Manufacturers and industrial companies that believe in content marketing are seeing good results from their efforts. However, most of the success is at the beginning of the sales pipeline or top of the sales funnel if you prefer the funnel metaphor.
Where many of these companies are struggling are in the middle and end of the sales pipeline. In other words, deals are stuck and they can’t figure out the problem.
The typical scenario is one where all went well with the sales presentation and suddenly your sales person can’t get the lead to return his/her calls or emails. Many of these deals fail to close even after 6 to 8 months of the best efforts from the sales team.
This is not an uncommon problem in complex B2B and industrial sales. Pam Ansley Evans, a global marketing practitioner and a former IBM executive, had this to say in a recent BtoB Magazine article, “…for lead generation, the area I don’t feel content has been used effectively is in pipeline acceleration. Marketing usually does a good job of messaging and presenting the value proposition; but there’s less activity in providing sales with content to share during the final phases of the customer purchase decision.”
What went wrong and how can content marketing accelerate your sales pipeline?
SiriusDecisions defines three different types of pipeline acceleration strategies. They are:
- Rapid-entry: processes for stimulating activity at the top of the pipeline.
- Intra-pipeline: acceleration of an opportunity that has been assigned a dollar value and an anticipated close rate.
- Last-mile: focuses on the very end of the pipeline, and those deals that require a final positive interaction.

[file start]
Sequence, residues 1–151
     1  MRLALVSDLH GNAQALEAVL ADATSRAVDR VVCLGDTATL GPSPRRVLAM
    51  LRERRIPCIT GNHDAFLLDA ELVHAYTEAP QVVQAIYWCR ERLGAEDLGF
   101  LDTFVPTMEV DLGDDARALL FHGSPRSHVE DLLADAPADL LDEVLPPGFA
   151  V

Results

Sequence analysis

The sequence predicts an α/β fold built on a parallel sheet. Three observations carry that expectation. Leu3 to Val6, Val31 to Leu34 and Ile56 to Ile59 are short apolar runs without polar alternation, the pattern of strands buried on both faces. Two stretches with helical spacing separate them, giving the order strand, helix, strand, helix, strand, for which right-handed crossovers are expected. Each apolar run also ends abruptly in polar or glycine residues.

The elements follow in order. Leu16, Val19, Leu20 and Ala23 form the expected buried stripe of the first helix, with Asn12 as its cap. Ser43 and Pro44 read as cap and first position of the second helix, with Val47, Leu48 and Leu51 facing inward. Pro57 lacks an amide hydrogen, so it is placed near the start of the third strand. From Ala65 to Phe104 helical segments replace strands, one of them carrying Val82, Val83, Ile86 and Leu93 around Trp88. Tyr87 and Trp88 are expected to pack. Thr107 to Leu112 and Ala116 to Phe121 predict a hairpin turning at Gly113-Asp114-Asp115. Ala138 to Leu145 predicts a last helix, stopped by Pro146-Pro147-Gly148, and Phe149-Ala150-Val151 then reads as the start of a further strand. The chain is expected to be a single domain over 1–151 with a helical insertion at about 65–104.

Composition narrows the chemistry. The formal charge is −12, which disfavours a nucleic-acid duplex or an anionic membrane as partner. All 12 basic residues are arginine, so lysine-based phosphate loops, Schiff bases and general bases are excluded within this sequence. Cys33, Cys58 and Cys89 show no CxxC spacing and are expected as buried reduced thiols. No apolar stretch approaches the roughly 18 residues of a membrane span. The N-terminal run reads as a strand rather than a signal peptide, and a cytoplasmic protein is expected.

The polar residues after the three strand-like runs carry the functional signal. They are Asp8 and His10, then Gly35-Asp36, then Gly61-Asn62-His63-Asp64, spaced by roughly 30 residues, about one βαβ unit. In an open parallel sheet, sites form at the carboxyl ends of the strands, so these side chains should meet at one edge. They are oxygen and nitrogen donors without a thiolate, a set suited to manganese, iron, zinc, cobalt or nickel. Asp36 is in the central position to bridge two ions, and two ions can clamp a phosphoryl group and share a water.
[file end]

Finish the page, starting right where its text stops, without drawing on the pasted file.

One would have to take their course on Pipeline Acceleration for B-to-B Marketers to fully understand those strategies and implement them correctly. What I can tell you is that industrial content marketing must enable sales to move deals forward and not be restricted to filling the sales pipeline with leads. (See my post, “Content Marketing Must Go Beyond Inbound Marketing in Industrial Sales.”)
I read a very interesting article written by Craig Rosenberg, a co-founder of TOPO and the author of the sales and marketing blog Funnelholic. In his article, Craig talks about the concept of “Champion Content.” Champion content is content designed specifically for your internal champion who is interested in your solution but must navigate his/her own organization to help advance the deal.”
I like that concept because it is very appropriate in industrial sales where the sales team’s first contact is usually a specifier such as a Design Engineer or a Plant Manager. Everything flows smoothly through the presentation stage and the RFQ. Your contact is excited about your solution and then suddenly the opportunity stalls from a lack of response from the customer.
Often, there are various stakeholders involved in the buying decision and they all have their own agendas which sometimes compete with each other. It is difficult to uncover these internal roadblocks because your sales team may not be given the opportunity to get in front of all the stakeholders since all communications must flow through the specifier.
The solution lies in creating an evangelist who will carry your message and sell your solution internally.
According to Craig, “Champion content is a great example of using content to facilitate the buying process and ultimately accelerate your sales pipeline and close more deals. Champion content is provided to your internal champion to help them sell your project internally.” His article goes into great details about this aspect of content marketing and he has provided four examples of champion content.
Are you struggling with your industrial sales pipeline? How do you use content marketing to accelerate it?